Mystical Quotes (displaying: 1 - 30 of 103 quotes )
The renaissance of interest in Eastern spiritual philosophies, various mystical traditions, meditation, ancient and aboriginal wisdom, as well as the widespread psychedelic experimentation during the stormy 1960s, made it absolutely clear that a comprehensive and cross-culturally valid psychology had to include observations from such areas as mystical states; cosmic consciousness; psychedelic experiences; trance phenomena; creativity; and religious, artistic, and scientific inspiration.
Therefore it is to a practical mysticism that the practical man is here invited: to a training of his latent faculties, a bracing and brightening of his languid consciousness, an emancipation from the fetters of appearance, a turning of his attention to new levels of the world. Thus he may become aware of the universe which the spiritual artist is always trying to disclose to the race. This amount of mystical perception—this “ordinary contemplation,” as the specialists call it—is possible to all men: without it, they are not wholly conscious, nor wholly alive. It is a natural human activity, no more involving the great powers and sublime experiences of the mystical saints and philosophers than the ordinary enjoyment of music involves the special creative powers of the great musician.
Full sexual consciousness and a natural regulation of sexual life mean the end of mystical feelings of any kind. In other words, natural sexuality is the deadly enemy of mystical religion. The church, by making the fight over sexuality the center of its dogmas and of its influence over the masses, confirms this concept.
I knew something important had happened to me that day because of Mr. Electrico. I felt changed. He gave me importance, immortality, a mystical gift. My life was turned around completely. It makes me cold all over to think about it, but I went home and within days I started to write. I’ve never stopped. Seventy-seven years ago, and I’ve remembered it perfectly. I went back and saw him that night. He sat in the chair with his sword, they pulled the switch, and his hair stood up. He reached out with his sword and touched everyone in the front row, boys and girls, men and women, with the electricity that sizzled from the sword. When he came to me, he touched me on the brow, and on the nose, and on the chin, and he said to me, in a whisper, “Live forever.” And I decided to.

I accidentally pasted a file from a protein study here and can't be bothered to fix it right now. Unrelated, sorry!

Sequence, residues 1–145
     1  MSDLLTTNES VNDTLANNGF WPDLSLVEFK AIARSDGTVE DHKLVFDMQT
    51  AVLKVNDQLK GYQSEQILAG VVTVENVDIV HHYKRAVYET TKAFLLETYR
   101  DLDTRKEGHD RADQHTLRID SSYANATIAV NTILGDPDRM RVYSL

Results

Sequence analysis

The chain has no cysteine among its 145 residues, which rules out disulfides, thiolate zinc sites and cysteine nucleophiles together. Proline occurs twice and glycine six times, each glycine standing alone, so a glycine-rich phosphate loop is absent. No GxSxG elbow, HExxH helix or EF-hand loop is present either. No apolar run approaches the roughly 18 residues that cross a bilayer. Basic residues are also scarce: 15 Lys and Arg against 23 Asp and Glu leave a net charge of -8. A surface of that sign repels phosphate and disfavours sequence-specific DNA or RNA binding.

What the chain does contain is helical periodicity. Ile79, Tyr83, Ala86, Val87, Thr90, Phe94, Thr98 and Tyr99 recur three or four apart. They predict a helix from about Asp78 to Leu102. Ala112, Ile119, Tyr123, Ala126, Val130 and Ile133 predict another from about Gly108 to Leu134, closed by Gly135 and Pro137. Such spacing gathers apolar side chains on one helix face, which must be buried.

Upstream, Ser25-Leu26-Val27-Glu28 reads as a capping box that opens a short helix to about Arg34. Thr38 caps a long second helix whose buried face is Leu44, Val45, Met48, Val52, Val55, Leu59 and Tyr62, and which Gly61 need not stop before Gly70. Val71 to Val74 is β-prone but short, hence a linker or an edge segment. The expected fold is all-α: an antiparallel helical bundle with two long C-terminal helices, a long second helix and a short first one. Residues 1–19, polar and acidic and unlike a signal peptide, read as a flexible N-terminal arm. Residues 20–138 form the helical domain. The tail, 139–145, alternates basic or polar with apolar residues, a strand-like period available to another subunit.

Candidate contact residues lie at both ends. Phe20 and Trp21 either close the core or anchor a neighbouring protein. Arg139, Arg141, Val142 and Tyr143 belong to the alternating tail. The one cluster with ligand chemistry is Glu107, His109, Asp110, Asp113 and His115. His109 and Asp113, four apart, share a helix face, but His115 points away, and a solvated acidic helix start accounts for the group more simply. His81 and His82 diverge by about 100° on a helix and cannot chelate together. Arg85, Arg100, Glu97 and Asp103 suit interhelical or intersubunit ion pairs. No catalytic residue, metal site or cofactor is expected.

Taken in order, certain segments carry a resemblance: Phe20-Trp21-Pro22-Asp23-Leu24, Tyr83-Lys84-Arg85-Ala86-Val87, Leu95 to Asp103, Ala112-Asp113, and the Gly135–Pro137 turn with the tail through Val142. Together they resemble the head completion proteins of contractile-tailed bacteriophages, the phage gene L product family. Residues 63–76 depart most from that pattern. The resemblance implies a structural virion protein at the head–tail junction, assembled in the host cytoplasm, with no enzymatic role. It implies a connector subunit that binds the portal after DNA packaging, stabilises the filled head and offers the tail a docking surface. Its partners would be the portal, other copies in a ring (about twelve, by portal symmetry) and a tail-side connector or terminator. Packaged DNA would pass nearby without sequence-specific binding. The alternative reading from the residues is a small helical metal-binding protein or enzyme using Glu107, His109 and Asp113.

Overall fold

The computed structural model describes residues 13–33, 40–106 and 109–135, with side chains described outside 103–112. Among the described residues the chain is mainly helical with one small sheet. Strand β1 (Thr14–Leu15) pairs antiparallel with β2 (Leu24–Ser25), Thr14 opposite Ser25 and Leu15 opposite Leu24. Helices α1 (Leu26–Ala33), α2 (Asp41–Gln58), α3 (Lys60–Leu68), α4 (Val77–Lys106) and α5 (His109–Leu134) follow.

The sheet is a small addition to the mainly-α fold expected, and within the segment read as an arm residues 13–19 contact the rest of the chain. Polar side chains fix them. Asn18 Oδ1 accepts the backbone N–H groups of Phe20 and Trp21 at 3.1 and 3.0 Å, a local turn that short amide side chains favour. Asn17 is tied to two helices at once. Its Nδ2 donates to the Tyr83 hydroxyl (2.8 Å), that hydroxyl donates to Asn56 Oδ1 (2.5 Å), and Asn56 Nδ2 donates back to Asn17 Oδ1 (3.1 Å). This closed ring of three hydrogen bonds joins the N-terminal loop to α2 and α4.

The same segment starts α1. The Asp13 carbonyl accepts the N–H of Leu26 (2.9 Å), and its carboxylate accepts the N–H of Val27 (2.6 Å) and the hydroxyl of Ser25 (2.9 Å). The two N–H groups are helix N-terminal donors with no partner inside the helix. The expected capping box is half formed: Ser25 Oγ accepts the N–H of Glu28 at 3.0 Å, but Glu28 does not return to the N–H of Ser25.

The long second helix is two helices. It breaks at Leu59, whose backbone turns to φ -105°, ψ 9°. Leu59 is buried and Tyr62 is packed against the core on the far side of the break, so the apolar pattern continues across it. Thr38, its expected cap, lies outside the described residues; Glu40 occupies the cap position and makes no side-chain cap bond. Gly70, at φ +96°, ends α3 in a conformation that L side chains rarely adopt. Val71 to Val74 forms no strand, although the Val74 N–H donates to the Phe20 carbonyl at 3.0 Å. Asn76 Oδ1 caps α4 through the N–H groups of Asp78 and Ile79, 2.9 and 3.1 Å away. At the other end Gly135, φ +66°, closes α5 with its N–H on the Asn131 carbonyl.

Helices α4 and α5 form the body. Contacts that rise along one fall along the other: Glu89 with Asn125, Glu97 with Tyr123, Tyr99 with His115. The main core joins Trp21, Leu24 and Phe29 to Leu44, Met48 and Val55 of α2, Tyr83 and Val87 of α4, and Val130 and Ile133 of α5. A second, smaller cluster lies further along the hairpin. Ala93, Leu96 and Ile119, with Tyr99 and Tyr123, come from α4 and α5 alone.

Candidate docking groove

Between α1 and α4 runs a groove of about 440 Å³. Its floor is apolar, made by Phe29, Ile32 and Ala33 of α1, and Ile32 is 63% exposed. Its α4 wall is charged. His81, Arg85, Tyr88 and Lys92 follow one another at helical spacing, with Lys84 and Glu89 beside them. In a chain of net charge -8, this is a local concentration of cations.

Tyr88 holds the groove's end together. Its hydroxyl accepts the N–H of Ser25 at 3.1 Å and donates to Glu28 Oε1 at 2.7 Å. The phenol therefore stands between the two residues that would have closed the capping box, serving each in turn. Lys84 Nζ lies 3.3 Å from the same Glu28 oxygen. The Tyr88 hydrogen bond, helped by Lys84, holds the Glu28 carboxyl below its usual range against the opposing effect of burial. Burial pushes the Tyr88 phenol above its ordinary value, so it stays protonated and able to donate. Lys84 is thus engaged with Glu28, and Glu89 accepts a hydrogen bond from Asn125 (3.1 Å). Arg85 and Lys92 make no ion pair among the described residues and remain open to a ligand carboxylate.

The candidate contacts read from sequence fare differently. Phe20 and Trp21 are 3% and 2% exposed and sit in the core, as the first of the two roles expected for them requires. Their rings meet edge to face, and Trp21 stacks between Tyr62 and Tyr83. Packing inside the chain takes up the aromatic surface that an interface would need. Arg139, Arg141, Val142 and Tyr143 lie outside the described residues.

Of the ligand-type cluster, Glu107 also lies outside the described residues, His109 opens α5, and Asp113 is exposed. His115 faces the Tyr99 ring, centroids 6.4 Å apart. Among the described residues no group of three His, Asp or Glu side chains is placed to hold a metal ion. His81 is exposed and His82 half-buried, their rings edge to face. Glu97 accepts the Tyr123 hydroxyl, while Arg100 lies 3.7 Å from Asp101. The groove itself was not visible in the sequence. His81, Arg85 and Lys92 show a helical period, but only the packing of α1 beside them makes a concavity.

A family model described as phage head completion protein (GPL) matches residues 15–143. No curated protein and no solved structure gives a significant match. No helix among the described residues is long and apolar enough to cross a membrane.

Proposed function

Whether you teach or live in the cloister or nurse the sick, whether you are in religion or out of it, married or single, no matter who you are or what you are, you are called to the summit of perfection: you are called to a deep interior life perhaps even to mystical prayer, and to pass the fruits of your contemplation on to others. And if you cannot do so by word, then by example.Yet if this sublime fire of infused love burns in your soul, it will inevitably send forth throughout the Church and the world an influence more tremendous than could be estimated by the radius reached by words or by example.
When I, sitting, heard the astronomer, where he lectured with such applause in the lecture room, How soon, unaccountable, I became tired and sick; Till rising and gliding out, I wander'd off by myself, In the mystical moist night-air, and from time to time, Look'd up in perfect silence at the stars.
A man breaking his journey between one place and another at a third place of no name, character, population or significance, sees a unicorn cross his path and disappear. That in itself is startling, but there are precedents for mystical encounters of various kinds, or to be less extreme, a choice of persuasions to put it down to fancy; until--"My God," says a second man, "I must be dreaming, I thought I saw a unicorn." At which point, a dimension is added that makes the experience as alarming as it will ever be. A third witness, you understand, adds no further dimension but only spreads it thinner, and a fourth thinner still, and the more witnesses there are the thinner it gets and the more reasonable it becomes until it is as thin as reality, the name we give to the common experience... "Look, look!" recites the crowd. "A horse with an arrow in its forehead! It must have been mistaken for a deer.